tions,” aesthetic functions necessary for       of scientific logic in discarding freedom
the appreciation of the most refined form       of the human will: “Autonomy,” he writes,
of language: namely, poetry. Darwin             “means acting on reasons I have con-
traced his eventual loss of responsive-         sciously chosen; but the lesson of cogni-
ness to poetry to a single-minded focus         tive science is that there is no self to do
on science that had transformed his mind        the choosing.”24
into “a kind of machine for grinding gen-           Because it denies the mind the power
eral laws out of large collections of facts,”   to pursue truth, the soul the agency to
and he worried that this loss of respon-        choose its own path of action, a modern
siveness might possibly be “injurious to        science divorced from all other sources
the intellect, and more probably to the         of truth must rob thought of meaning and
moral character by enfeebling the emo-          purpose. If not complemented by other
tional part of our nature.”22                   sources of truth, modern science indeed
    But then the miracle of literary artistry   pushes the thinker trapped within its
can hardly stir a sense of wonder in the        metaphysically barren limits toward what
minds of scientists whose theoretical           G.K. Chesterton aptly called “the suicide
premises deny to the poet—and to every-         of thought.” Chesterton perceptively ana-
one else—the volitional autonomy tradi-         lyzed that suicide as the consequence of
tionally central to human dignity. Poems,       “modern fashions of thought” that de-
like all other products of human activity,      stroy intellectual life by fostering the
inexorably emerge from a neural biochem-        belief that “there is no validity in any
istry that simply plays out the possibili-      human thought.” The radical scientific
ties scripted in the probabilistic equa-        skeptic, Chesterton points out, must ask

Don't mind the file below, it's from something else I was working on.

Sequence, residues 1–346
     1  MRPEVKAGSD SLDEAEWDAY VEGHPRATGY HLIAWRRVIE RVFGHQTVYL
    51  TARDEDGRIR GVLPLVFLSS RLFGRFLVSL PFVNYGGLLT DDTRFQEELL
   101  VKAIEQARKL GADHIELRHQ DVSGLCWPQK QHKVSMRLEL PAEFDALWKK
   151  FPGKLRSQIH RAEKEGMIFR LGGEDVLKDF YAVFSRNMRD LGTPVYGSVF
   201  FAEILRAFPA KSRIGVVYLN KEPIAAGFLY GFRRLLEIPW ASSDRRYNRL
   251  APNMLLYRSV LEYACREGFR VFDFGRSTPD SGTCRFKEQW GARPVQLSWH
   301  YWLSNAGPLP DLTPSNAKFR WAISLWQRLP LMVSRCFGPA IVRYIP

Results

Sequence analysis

tions of quantum micro-physics. The free-       “Why should anything go right; even ob-
dom of the will foundational to any sense       servation and deduction? Why should
of human dignity simply does not fit            not good logic be as misleading as bad
within modern science. “For reasons I           logic? They are both movements in the
don’t really understand,” remarks biologi-      brain of a bewildered ape?”25
cally-minded philosopher John Searle,               But then how can human thought not
“evolution has given us a form of experi-       risk self-extinction so long as it remains
ence of voluntary action where the expe-        within a modern science that views hu-
rience of freedom, that is to say, the expe-    man consciousness itself as a scandalous
rience of the sense of alternative possi-       puzzle? By the mid-nineteenth century,

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the origin of consciousness already            [Earth]...for a brief 10 billion years will
loomed as a problem that biologist and         have long disappeared.” At that point,
co-discoverer of natural selection Alfred      Krauss muses, “The memory of the galaxy
Wallace regarded as an insoluble riddle        that housed the sun will have long disap-
within “the physics of the brain.” This        peared. Even the light from all of the stars
riddle, in Wallace’s view, counted as strong   in the universe may have long disap-
evidence that “man does not owe his            peared.” And then the time comes when
entire physical and mental development         even the subatomic particles left over
to [evolution’s] unaided action.”26 Writ-      from the now dark and lifeless universe
ing in the late twentieth century, physi-      begin to disappear: “The Process will
cist Andrew Zee still identifies “the exclu-   continue until…all atoms in the universe
sion of consciousness” as “a fundamental       are no longer.... [When] protons and neu-
guiding tenet of science,” as he marvels       trons cease to exist, they may in turn
“that science in general, and physics in       decay into electrons and their antipar-
particular, do not address this most strik-    ticle partners, positrons. By this time, the
ing of all observable phenomena.”27            universe will be too diffuse for electrons
   But if science remains mute when con-       and positrons to find each other in the
templating the origins of human con-           desert of largely empty space.”28
sciousness, theoretical physicists have           Prometheus, it would appear, has